A Civil War

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From Jon Lee Anderson's latest Libya dispatch:

In front of another tank, a man fiddled with a camera and asked me to take his picture with his elderly father, who seemed overcome with emotion, and suddenly lifted both hands in a “V for victory” sign. Men wandered up to me to ask my nationality: “French, American?” and shaking my hand happily, shyly, expressing their gratitude to the West and their outrage at Qaddafi, and their humiliation, too. “Qaddafi, you know, he’s not normal,” Libyans often say in an ashamed way, as if trying to fathom the man who has dominated their lives for more than forty years and who is now sending bombs and planes and tanks against them. “What does he think, that we will somehow forgive him and agree to live with him again, after this?”

The underlying question is whether the pro-Qaddafi forces are entirely mercenary or whether they are genuine. The same question applies to the pro-Qaddafi crowds in Tripoli. Pure propaganda? Paid stooges? Or brainwashed enthusiasts? Wilkinson encourages plain language:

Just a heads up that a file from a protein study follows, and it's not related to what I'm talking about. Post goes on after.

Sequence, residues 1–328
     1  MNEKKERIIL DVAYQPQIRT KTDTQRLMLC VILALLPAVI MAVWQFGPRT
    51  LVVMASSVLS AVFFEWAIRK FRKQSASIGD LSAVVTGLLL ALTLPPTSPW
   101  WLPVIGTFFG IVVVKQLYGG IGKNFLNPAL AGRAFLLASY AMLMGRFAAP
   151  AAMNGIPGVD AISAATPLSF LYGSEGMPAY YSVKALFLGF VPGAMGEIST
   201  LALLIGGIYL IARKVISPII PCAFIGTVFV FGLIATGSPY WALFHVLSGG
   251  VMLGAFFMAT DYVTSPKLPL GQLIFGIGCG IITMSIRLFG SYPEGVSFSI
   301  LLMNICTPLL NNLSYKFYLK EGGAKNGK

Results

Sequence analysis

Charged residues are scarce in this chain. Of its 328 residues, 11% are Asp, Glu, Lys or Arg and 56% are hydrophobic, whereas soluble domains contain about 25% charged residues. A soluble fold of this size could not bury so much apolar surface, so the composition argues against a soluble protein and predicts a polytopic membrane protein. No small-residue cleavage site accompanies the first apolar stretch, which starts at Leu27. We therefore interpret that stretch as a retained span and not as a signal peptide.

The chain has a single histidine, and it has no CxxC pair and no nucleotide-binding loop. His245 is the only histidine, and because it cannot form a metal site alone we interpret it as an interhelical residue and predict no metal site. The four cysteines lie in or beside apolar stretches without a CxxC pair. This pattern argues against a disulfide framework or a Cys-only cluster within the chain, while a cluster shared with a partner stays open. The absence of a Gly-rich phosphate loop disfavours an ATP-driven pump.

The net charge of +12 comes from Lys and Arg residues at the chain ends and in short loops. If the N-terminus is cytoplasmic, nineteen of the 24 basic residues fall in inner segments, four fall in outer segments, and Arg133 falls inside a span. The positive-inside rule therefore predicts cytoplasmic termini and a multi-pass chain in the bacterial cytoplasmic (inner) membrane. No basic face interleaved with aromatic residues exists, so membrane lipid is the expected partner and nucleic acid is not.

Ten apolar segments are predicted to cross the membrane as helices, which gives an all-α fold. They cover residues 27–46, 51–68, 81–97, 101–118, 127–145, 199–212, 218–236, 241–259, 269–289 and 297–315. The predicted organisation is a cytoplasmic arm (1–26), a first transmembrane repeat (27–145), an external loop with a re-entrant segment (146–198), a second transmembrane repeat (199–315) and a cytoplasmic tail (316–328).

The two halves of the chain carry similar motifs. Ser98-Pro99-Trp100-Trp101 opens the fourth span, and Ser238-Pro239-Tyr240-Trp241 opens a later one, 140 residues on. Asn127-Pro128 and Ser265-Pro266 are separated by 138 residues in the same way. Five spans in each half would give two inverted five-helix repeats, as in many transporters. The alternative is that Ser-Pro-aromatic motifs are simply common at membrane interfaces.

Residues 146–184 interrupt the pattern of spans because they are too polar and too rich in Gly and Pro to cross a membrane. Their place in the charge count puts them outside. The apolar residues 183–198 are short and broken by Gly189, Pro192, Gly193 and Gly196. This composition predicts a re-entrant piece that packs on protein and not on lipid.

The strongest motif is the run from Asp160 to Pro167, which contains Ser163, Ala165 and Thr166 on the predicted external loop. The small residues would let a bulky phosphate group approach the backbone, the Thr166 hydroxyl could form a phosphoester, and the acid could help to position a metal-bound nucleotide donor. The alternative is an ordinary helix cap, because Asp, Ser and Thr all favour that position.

It seems to me obviously correct to characterise the military conflict between Libyan factions as a "civil war", and thus to characterise the actions of the Americans, French, and British, which target the Libyan state's air defences, as "taking sides in a civil war". 

(Photo: Libyan rebels duck for cover behind a sand dune during a failed attempt to take the town of Ajdabiya from Moammer Khaddafi's forces on March 21, 2011 as news reports said Libyan government forces pulled back 60 miles from rebel-held Benghazi but showed they still had plenty of fight as they beat off an insurgent advance. By Patrick Baz/AFP/Getty Images)

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